Unit 3:The cell is a dynamic system of interacting molecules that define life. An understanding of the workings of the cell enables an appreciation of both the capabilities and the limitations of living organisms whether animal, plant, fungus or microorganism. The convergence of cytology, genetics and biochemistry makes cell biology one of the most rapidly evolving disciplines in contemporary biology.
In this unit students investigate the workings of the cell from several perspectives. They explore the importance of the insolubility of the plasma membrane in water and its differential permeability to specific solutes in defining the cell, its internal spaces and the control of the movement of molecules and ions in and out of such spaces. Students consider base pairing specificity, the binding of enzymes and substrates, the response of receptors to signalling molecules and reactions between antigens and antibodies to highlight the importance of molecular interactions based on the complementary nature of specific molecules. Students study the synthesis, structure and function of nucleic acids and proteins as key molecules in cellular processes. They explore the chemistry of cells by examining the nature of biochemical pathways, their components and energy transformations. Cells communicate with each other using a variety of signalling molecules. Students consider the types of signals, the transduction of information within the cell and cellular responses. At this molecular level students study the human immune system and the interactions between its components to provide immunity to a specific antigen.
Unit 4: In this unit students consider the continual change and challenges to which life on Earth has been subjected. They investigate the relatedness between species and the impact of various change events on a population’s gene pool.The accumulation of changes over time is considered as a mechanism for biological evolution by natural selectionthat leads to the rise of new species. Students examine change in life forms using evidence from palaeontology, biogeography, developmental biology and structural morphology. They explore how technological developments in the fields of comparative genomics, molecular homology and bioinformatics have resulted in evidence of changethrough measurements of relatedness between species.
Students examine the structural and cognitive trends in the human fossil record and the interrelationships between uman biological and cultural evolution. The biological consequences, and social and ethical implications, of manipulating the DNA molecule and applying biotechnologies is explored for both the individual and the species.
A student-designed or adapted investigation related to cellular processes and/or biological change and continuity over time is undertaken in either Unit 3 or Unit 4, or across both Units 3 and 4. The investigation is to relate to knowledge and skills developed across Units 3 and 4 and may be undertaken by the student through laboratory work and/or fieldwork.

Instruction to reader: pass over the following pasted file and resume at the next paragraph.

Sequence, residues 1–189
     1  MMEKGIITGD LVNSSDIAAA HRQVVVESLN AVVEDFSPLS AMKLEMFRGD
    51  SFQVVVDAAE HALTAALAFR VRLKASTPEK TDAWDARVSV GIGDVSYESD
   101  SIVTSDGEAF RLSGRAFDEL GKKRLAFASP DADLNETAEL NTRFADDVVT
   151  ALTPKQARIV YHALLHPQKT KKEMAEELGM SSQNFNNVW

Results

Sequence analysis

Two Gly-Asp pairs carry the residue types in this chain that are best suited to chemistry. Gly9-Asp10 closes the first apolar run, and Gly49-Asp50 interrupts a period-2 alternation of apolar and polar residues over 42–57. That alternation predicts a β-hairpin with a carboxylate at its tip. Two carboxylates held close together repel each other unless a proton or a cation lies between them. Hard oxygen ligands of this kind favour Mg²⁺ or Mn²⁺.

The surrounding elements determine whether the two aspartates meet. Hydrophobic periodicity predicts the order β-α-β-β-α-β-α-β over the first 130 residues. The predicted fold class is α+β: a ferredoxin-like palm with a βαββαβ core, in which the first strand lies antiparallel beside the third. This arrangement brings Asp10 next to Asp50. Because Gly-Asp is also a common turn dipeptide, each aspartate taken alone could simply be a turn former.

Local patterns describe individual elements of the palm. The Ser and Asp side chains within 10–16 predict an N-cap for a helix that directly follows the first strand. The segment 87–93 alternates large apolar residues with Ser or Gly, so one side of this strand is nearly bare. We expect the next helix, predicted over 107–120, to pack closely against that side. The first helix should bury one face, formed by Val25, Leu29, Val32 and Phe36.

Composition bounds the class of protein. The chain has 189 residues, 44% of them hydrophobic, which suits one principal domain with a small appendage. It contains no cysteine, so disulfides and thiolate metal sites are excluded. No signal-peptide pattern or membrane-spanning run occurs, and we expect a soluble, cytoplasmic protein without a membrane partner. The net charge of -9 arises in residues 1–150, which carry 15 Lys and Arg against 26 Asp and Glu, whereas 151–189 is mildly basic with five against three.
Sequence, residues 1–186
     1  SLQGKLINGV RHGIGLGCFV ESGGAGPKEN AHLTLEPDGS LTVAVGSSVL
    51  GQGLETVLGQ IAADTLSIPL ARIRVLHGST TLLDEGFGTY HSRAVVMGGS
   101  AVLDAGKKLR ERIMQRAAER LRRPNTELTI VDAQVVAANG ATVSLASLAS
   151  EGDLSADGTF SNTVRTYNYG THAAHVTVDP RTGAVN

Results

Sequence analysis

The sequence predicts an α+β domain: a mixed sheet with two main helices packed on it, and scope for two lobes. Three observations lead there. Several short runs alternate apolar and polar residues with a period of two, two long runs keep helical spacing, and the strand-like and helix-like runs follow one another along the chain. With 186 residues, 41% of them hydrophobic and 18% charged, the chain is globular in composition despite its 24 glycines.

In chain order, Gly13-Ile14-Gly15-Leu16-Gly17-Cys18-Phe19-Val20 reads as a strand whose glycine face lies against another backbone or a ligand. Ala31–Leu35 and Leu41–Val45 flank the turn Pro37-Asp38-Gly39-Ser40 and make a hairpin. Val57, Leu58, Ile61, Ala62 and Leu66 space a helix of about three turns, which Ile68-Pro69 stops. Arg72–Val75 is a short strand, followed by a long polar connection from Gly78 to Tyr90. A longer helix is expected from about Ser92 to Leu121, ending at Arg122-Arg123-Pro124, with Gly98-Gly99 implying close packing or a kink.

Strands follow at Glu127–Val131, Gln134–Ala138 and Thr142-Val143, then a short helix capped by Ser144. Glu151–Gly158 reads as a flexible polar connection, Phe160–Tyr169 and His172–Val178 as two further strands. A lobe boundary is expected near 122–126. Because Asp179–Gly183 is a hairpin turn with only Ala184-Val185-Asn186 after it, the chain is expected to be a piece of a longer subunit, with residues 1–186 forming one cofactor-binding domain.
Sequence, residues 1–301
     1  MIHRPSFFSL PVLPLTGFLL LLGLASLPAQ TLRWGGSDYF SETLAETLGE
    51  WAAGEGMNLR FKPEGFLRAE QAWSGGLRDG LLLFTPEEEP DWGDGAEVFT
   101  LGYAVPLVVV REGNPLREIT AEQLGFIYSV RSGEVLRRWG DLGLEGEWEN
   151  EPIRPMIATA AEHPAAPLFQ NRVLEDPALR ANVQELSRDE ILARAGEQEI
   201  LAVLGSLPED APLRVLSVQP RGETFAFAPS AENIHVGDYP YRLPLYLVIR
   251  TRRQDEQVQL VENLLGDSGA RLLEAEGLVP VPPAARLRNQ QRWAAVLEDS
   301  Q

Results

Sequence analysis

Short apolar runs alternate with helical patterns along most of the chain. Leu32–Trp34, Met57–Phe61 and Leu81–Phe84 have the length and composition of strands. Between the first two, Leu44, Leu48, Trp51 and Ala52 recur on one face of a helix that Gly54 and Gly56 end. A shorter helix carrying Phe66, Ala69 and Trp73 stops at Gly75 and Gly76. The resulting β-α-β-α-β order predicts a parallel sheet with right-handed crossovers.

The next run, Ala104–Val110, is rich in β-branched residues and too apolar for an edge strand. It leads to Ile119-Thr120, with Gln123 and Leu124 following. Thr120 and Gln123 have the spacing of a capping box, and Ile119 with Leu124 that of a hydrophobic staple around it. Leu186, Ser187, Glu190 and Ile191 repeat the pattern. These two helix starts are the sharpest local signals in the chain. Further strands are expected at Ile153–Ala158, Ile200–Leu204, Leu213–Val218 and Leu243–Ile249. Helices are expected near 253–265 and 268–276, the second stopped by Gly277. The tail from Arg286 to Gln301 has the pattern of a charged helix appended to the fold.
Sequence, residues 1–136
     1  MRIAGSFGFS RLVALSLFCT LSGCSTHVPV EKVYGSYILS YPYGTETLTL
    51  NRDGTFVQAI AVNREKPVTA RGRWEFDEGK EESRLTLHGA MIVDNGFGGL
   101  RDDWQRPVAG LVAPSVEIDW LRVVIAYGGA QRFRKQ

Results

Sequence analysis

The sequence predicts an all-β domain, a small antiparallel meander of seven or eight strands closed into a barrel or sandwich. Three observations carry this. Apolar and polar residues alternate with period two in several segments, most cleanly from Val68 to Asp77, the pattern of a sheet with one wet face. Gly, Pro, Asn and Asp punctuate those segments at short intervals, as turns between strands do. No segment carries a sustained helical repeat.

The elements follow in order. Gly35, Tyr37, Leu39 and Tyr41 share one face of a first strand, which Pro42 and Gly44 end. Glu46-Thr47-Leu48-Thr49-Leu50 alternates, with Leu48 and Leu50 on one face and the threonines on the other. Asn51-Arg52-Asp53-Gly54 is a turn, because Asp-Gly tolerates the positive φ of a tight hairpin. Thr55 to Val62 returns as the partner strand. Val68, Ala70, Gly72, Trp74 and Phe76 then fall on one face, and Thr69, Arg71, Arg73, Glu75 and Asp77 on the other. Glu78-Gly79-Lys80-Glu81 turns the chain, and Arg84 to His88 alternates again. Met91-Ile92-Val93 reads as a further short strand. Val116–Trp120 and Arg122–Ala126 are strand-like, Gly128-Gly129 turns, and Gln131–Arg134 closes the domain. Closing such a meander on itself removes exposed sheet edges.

The investigation requires the student to identify an aim, develop a question, formulate a hypothesis and plan a course of action to answer the question and that complies with safety and ethical guidelines. The student then undertakes an experiment that involves the collection of primary qualitative and/or quantitative data, analyses and evaluates the data, identifies limitations of data and methods, links experimental results to science ideas, reaches a conclusion in response to the question and suggests further investigations which may be undertaken. The results of the investigation are presented in a scientific poster format. A logbook of practical activities must be maintained by the student for record, authentication and assessment purposes.
Area of Study 1: How do cellular processes work?
Area of Study 2: How do cells communicate?
Area of study 1 How are species related?
Area of study 2 How do humans impact on Biological Processes?
Area of study 3 Practical Investigation
There will be 5 School Assessed Coursework tasks that have a strong practical and application focus
University studies in Life sciences, pharmacology, physiotherapy, paramedics, nursing, medical and biological science.
There are no prerequisites for entry to Units 1, 2 and 3. Students must undertake Unit 3 prior to undertaking Unit 4. It is highly recommended that students complete Units 1 and 2 before undertaking Unit 3 and 4.
Edrolo online required software $30 per year (for two units)
Excursion / field trips for both Units add up to approximately $100
Text Book(DSC Booklist) 2 x 128 page exercise books, Display folder and Netbook.
See Mr Dowty, Mrs Dorian or Mr A Walsh